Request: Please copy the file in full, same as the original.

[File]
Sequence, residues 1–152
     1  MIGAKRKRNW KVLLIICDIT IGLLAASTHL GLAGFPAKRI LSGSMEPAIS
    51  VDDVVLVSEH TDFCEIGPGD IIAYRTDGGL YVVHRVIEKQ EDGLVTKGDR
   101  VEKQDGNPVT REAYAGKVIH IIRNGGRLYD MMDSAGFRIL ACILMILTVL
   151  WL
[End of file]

Sequence, residues 1–152
     1  MIGAKRKRNW KVLLIICDIT IGLLAASTHL GLAGFPAKRI LSGSMEPAIS
    51  VDDVVLVSEH TDFCEIGPGD IIAYRTDGGL YVVHRVIEKQ EDGLVTKGDR
   101  VEKQDGNPVT REAYAGKVIH IIRNGGRLYD MMDSAGFRIL ACILMILTVL
   151  WL